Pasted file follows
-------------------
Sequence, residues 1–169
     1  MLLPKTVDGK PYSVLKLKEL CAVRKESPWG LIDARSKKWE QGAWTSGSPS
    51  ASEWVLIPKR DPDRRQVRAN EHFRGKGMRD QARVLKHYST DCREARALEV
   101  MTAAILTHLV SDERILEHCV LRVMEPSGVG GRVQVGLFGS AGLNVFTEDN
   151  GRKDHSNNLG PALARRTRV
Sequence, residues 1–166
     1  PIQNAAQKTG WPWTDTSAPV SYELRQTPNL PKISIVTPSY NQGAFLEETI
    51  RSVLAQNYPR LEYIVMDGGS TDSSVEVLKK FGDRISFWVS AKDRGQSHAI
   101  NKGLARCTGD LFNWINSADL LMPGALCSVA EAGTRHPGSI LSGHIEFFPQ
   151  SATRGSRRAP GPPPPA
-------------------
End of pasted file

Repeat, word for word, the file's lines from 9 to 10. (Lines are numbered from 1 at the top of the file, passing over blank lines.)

   101  NKGLARCTGD LFNWINSADL LMPGALCSVA EAGTRHPGSI LSGHIEFFPQ
   151  SATRGSRRAP GPPPPA